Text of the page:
Presidential candidates say Abbasseya clashes part of plan to postpone power handover

A number of presidential hopefuls have said they consider the violence in Abbasseya on Friday to be an attempt to postpone or cancel the presidential elections.

In statements, the candidates denounced the clashes in front of the Defense Ministry between the military police and protesters, but many also spoke of the importance of freedom of expression.

Amr Moussa said it is the responsibility of the state to secure protests as long as they are peaceful.  He said the freedom of expression should be protected, but not violence.

"The attempts of a minority to push for a confrontation between the people and the armed forces and assaulting the state institutions should not be tolerated or accepted in any form," he said.

Moussa appealed to the military council and the cabinet to intervene immediately, stop the bloodshed, and announce clearly that power would be handed over as scheduled to civilians.

Moussa also called on protesters to be responsible, maintain the peacefulness of their protests and to keep their distance from the Defense Ministry.  

Abdel Moneim Abouel Fotouh said he condemned the clashes.

Abouel Foltouh's presidential campaign held the military council fully responsible for the events, as the country's ruling power during the transitional period. The campaign also held the military council responsible for intentionally neglecting security, fostering chaos and mismanaging the country.

Mohamed Selim al-Awa said that protecting the lives of protesters is the responsibility of the state, though he condemned attempts at storming the Defense Ministry.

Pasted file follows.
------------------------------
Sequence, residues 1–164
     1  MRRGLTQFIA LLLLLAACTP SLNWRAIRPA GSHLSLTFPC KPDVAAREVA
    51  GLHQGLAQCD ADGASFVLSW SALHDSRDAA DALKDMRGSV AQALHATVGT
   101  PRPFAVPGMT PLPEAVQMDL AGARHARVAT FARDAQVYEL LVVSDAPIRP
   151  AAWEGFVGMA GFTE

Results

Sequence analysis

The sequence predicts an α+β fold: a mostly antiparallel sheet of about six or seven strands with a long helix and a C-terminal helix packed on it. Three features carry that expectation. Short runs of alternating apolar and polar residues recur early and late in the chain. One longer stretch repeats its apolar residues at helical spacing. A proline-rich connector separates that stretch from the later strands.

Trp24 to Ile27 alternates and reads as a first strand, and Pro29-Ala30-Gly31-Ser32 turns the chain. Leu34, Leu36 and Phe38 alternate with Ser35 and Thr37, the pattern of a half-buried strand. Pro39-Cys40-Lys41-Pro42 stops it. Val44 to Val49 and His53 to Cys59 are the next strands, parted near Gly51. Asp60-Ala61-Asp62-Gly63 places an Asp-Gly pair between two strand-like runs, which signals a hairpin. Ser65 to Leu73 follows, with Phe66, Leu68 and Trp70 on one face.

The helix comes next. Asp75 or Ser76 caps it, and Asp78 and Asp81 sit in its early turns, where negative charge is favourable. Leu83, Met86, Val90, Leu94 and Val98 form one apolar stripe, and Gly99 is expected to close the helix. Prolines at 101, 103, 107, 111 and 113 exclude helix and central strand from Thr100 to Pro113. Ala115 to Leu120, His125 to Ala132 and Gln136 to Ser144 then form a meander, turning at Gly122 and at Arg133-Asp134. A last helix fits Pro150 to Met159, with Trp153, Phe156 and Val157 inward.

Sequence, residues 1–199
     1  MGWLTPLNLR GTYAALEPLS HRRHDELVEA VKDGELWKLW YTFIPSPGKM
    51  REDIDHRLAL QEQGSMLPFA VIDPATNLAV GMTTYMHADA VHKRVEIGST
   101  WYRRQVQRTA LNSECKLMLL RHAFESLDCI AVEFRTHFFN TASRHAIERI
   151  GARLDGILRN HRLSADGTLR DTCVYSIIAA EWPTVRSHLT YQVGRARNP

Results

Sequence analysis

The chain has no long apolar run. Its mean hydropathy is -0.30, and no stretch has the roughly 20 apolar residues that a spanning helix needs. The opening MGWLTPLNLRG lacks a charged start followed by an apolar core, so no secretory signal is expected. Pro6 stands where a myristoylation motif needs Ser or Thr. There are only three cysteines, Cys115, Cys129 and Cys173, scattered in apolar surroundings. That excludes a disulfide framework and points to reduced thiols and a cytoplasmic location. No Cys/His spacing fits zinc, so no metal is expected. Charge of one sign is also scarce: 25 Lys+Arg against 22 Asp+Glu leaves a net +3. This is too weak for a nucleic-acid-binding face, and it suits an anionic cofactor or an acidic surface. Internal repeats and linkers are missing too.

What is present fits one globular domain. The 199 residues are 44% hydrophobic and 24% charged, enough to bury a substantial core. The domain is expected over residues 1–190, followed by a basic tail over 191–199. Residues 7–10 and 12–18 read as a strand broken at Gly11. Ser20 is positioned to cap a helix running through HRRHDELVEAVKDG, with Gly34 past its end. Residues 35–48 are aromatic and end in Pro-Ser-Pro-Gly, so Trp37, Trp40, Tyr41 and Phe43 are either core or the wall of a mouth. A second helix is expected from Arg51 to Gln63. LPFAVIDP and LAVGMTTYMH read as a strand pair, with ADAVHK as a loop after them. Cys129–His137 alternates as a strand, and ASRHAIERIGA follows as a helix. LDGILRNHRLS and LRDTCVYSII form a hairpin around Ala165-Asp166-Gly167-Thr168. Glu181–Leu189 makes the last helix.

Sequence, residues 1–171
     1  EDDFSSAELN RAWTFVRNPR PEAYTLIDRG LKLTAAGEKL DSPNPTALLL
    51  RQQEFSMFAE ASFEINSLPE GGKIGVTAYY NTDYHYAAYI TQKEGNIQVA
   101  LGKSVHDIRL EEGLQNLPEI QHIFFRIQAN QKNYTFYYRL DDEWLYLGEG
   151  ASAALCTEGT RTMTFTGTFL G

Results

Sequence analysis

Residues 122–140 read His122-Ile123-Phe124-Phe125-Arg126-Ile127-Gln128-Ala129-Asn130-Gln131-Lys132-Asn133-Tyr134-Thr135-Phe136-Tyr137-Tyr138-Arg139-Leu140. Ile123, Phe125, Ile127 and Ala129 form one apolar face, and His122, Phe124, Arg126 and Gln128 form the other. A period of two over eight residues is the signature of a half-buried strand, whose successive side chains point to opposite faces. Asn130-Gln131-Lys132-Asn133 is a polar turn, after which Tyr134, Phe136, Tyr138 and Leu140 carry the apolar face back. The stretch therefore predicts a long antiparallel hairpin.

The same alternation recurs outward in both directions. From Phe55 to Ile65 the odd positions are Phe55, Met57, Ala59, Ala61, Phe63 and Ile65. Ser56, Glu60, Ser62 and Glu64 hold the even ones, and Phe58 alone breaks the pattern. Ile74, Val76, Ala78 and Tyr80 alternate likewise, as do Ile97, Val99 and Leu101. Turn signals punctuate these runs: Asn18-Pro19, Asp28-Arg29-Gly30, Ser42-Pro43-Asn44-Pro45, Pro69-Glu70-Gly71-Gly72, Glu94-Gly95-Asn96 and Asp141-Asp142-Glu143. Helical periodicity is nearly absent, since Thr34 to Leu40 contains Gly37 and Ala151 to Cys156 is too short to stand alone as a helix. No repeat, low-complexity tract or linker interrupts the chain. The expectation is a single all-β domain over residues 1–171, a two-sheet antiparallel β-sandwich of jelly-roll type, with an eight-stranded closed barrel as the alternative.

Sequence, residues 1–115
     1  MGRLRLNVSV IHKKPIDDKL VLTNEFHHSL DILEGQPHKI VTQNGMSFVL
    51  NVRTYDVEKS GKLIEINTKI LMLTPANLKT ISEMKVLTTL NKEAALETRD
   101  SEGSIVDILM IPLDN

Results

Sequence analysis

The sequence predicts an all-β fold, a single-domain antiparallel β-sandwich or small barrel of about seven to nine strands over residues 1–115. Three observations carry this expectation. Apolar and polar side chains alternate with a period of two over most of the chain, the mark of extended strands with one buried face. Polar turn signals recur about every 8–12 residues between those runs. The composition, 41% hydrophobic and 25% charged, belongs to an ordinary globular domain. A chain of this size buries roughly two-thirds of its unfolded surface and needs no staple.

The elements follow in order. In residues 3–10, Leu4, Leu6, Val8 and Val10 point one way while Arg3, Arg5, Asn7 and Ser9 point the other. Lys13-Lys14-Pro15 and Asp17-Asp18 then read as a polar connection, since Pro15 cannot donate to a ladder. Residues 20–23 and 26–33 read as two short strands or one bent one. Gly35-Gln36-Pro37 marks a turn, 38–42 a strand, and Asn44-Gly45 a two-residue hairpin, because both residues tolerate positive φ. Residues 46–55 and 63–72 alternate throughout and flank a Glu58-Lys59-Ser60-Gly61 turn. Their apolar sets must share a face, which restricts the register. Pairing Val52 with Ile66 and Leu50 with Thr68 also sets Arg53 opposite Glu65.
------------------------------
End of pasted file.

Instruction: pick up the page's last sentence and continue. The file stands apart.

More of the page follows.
Moving the sit-in to Abbasseya near the Defense Ministry and military institutions was wrong of the protesters, Awa said, noting that the week’s events proved that there was a plan to sow chaos in order to postpone or cancel the democratic transfer of power.

Khaled Ali said that assaulting protesters represented an overthrow of all the principles of the revolution and an attempt on the part of the military council to cancel the transfer of power.

Ali said security forces provoked peaceful protesters by abducting one of them and assaulting him in front of the his fellow protesters, which sparked violence between demonstrators and military early Friday.

"What happened in Abbasseya is [part of] the movement to turn against the revolution, which started on 9 March 2011 (the first time the military broke up a sit-in by force in Tahrir Square), and which was followed by many incidents that proved the military council was protecting the counter-revolution and participated in planning for it since the very beginning," Ali said.

Ali demanded the release of all the prisoners being held from the Abbasseya clashes. He said the detention of the protesters was motivated by counter-revolutionary forces, not safety. If saftey had been the motivation, he said, it would have been more logical to arrest the thugs who assaulted the protesters over the former 5 days instead of arresting the protesters on Friday.

Abul Ezz al-Hariri said that the incident threatened protesters and said he had called on them to leave the vicinity of the Defense Ministry to prevent the occurrence of further clashes. 

Ahmed Shafiq announced his support for the armed forces and mourned the death of recruit Samir Anwar who was killed Friday in the clashes, stressing his confidence in the value of the military and its role in protecting the country’s borders.

Hamdeen Sabbahi meanwhile, called on protesters to use reason and to keep away from the Defense Ministry to prevent any more bloodshed.

Edited translation from Al-Masry Al-Youm

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